Tips on avoiding identity theft are everywhere, and we probably all know someone who’s had to deal with this issue. But even though we’re all aware of the risk, it’s sometimes easy to become lax in taking regular precautions. So here’s your reminder to stay on top of this, and some easy reference points to help make it take less time. We can never protect ourselves completely, but we can certainly make identity theft a lot more difficult and less likely.
Rreview your credit report periodically. Check to make sure that all the information contained in it is correct, and be on the lookout for any fraudulent activity. You may get your credit report for free once a year. To do so, contact the Annual Credit Report Request Service online at www.annualcreditreport.com or call (877) 322-8228.
If you need to correct any information or dispute any entries, contact the three national credit reporting agencies:
- Equifax: www.equifax.com
- Experian: www.experian.com
- TransUnion: www.transunion.com
Secure your Social Security number (SSN). Never carry your Social Security card with you unless you’ll need it. Don’t have your SSN preprinted on your checks, and don’t let merchants write it on your checks. Don’t give it out over the phone unless you initiate the call to an organization you trust. Ask the three major credit reporting agencies to truncate it on your credit reports. Try to avoid listing it on employment applications; offer instead to provide it during a job interview.
Carry only the cards and/or checks you’ll need for any one trip. Most of us carry our checkbooks and all of our credit cards, debit cards, and telephone cards with us all the time. That’s a bad idea; if your wallet or purse is stolen, the thief will have a treasure chest of new toys to play with. Also keep a written record of all your account numbers, credit card expiration dates, and the telephone numbers of the customer service and fraud departments in a secure place–at home.
Keep your receipts. When you make a purchase with a credit or debit card, you’re given a receipt. Don’t throw it away or leave it behind; it may contain your credit or debit card number. And don’t leave it in the shopping bag inside your car while you continue shopping; if your car is broken into and the item you bought is stolen, your identity may be as well. Save your receipts until you can check them against your monthly credit card and bank statements, and watch your statements for purchases you didn’t make.
When you toss it, shred it. Before you throw out any financial records such as credit or debit card receipts and statements, cancelled checks, or even offers for credit you receive in the mail, shred the documents, preferably with a cross-cut shredder.
Keep a low profile. The more your personal information is available to others, the more likely you are to be victimized by identity theft. While you don’t need to become a hermit in a cave, there are steps you can take to help minimize your exposure:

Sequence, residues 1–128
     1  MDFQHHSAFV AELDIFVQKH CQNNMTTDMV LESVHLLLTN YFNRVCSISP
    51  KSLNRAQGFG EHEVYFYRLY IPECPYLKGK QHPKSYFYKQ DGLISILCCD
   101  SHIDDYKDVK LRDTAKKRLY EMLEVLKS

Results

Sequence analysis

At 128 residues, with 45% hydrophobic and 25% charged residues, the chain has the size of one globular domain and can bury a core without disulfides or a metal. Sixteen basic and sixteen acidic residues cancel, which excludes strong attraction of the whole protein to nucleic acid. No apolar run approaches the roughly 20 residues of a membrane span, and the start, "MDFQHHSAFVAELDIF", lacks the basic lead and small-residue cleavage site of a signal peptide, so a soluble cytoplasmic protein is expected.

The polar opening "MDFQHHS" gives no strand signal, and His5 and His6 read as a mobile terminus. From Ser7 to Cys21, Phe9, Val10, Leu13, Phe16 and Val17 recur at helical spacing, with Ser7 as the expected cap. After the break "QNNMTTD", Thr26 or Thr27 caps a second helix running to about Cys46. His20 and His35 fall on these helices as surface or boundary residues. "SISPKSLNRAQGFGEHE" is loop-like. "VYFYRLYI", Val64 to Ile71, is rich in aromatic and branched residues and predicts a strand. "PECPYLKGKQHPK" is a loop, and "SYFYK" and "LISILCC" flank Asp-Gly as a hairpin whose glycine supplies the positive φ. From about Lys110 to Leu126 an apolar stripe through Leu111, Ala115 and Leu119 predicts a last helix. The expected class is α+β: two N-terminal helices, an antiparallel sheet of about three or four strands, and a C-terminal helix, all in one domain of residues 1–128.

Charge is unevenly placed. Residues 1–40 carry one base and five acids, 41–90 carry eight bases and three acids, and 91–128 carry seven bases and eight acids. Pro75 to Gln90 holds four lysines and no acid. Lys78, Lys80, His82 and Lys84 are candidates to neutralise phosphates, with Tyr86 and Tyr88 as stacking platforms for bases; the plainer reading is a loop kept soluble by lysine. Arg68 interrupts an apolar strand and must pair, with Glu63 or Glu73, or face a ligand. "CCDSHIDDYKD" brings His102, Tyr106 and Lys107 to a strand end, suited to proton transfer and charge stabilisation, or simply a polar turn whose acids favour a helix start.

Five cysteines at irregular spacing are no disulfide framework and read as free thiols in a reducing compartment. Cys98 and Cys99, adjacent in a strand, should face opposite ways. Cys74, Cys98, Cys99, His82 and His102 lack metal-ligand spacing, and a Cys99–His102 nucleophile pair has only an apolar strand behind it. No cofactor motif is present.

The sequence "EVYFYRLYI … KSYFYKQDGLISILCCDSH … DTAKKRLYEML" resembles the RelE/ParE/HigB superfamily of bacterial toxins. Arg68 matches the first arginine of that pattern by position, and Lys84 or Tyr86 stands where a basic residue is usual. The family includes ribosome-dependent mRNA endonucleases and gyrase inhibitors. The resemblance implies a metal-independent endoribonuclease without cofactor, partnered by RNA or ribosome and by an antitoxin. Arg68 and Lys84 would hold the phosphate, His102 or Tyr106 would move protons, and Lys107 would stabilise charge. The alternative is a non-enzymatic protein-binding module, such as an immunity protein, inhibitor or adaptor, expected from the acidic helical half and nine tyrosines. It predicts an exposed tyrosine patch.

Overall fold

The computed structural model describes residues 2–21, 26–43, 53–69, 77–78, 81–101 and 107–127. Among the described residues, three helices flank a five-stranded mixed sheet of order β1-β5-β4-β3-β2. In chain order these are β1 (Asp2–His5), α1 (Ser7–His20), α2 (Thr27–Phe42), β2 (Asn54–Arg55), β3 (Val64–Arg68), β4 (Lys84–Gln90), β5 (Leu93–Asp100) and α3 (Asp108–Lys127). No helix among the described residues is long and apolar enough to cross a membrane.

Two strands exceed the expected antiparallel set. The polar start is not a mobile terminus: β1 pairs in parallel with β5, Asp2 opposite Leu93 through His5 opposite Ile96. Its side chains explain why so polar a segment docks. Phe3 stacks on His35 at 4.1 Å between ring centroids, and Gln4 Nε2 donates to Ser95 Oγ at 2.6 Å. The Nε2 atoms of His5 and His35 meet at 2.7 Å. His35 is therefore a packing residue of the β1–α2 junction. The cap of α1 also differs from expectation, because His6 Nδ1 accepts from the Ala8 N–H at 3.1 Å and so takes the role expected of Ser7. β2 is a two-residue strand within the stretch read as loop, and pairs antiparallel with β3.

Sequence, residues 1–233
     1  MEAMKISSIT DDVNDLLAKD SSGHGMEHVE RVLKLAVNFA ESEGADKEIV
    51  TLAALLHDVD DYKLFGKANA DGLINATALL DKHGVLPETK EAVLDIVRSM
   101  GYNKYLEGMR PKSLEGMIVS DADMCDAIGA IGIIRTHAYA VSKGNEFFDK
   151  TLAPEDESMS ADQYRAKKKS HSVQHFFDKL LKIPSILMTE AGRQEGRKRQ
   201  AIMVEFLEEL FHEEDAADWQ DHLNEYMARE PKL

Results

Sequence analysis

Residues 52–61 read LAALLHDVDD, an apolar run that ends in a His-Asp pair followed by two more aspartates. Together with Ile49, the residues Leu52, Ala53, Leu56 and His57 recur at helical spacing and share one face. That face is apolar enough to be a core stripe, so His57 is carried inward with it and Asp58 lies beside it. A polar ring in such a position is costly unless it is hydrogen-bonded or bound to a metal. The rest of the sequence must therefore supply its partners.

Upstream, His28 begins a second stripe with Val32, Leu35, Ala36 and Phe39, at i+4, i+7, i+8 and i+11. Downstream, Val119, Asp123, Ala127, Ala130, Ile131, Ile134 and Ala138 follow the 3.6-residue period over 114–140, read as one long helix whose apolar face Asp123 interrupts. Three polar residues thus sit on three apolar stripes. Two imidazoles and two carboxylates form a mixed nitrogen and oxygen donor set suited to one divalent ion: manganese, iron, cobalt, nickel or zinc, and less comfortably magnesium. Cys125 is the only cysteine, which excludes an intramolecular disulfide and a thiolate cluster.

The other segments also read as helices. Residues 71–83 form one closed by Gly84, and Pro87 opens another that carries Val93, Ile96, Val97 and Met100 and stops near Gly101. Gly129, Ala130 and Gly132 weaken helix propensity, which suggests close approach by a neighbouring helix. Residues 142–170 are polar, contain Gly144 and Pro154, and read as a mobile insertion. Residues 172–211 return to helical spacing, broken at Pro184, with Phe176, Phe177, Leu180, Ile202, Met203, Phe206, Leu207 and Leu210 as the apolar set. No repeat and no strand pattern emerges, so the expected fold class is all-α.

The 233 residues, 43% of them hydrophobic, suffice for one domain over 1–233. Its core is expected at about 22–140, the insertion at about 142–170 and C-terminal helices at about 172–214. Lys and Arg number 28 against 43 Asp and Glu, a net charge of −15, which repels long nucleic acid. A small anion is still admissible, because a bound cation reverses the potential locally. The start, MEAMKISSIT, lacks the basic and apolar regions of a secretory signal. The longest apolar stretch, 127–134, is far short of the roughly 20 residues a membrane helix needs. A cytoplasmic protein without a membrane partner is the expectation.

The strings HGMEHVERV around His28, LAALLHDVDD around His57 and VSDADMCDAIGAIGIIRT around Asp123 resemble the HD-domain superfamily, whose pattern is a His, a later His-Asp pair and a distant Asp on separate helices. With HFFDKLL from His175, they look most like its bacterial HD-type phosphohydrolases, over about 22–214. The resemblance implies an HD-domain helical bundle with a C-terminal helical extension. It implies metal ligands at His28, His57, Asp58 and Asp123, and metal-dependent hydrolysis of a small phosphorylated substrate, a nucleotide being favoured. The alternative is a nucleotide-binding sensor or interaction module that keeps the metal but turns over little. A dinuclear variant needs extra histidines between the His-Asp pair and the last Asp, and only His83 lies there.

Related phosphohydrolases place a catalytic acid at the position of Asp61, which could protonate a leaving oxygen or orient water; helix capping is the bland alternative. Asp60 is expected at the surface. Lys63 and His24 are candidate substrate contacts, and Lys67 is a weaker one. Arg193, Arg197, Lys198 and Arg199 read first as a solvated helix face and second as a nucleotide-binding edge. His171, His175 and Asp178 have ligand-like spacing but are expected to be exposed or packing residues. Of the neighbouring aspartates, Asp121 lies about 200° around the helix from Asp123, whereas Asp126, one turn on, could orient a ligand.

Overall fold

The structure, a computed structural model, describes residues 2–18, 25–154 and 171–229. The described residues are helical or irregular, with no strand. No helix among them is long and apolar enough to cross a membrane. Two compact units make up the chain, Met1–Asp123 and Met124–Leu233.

- To stop telephone calls from national telemarketers, list your telephone number with the Federal Trade Commission’s National Do Not Call Registry by calling (888) 382-1222 or registering online at www.donotcall.gov
- To remove your name from most national mailing and e-mailing lists, as well as most telemarketing lists, write the Direct Marketing Association at 1120 Avenue of the Americas, New York, NY 10036-6700, or register online at www.dmachoice.org
- To remove your name from marketing lists prepared by the three national consumer reporting agencies, call (888) 567-8688 or register online at www.optoutprescreen.com
- When given the opportunity to do so by your bank, investment firm, insurance company, and credit card companies, opt out of allowing them to share your financial information with other organizations
- You may even want to consider having your name and address removed from the telephone book and reverse directories
Be aware of electronic data theft. Install a firewall to prevent hackers from obtaining information from your hard drive. Virus protection software also helps with this. Protect sensitive information with a strong password–one that’s six to eight characters long, and that contains letters (upper and lower case), numbers, and symbols. It shouldn’t be a dictionary word, your name, birthdate, etc. Make it hard to guess.
Opening e-mails from people you don’t know, especially if you download attached files or click on hyperlinks within the message, can expose you to viruses, infect your computer with “spyware” that captures information by recording your keystrokes, or lead you to “spoofs” (websites that replicate legitimate business sites) designed to trick you into revealing personal information that can be used to steal your identity. This can also happen when friends’ address books are hacked, so exercise caution with any message that doesn’t seem like something your friend would typically send.
If you wish to visit a business’s legitimate website, use your stored bookmark or type the URL address directly into the browser. If you provide personal or financial information about yourself over the Internet, do so only at secure websites; to determine if a site is secure, look for a URL that begins with “https” (instead of “http”) or a lock icon on the browser’s status bar.
And when it comes time to upgrade to a new computer, remove all your personal information from the old one before you dispose of it. Using the “delete” function isn’t sufficient to do the job; overwrite the hard drive by using a “wipe” utility program. The minimal cost of investing in this software may save you from being wiped out later by an identity thief.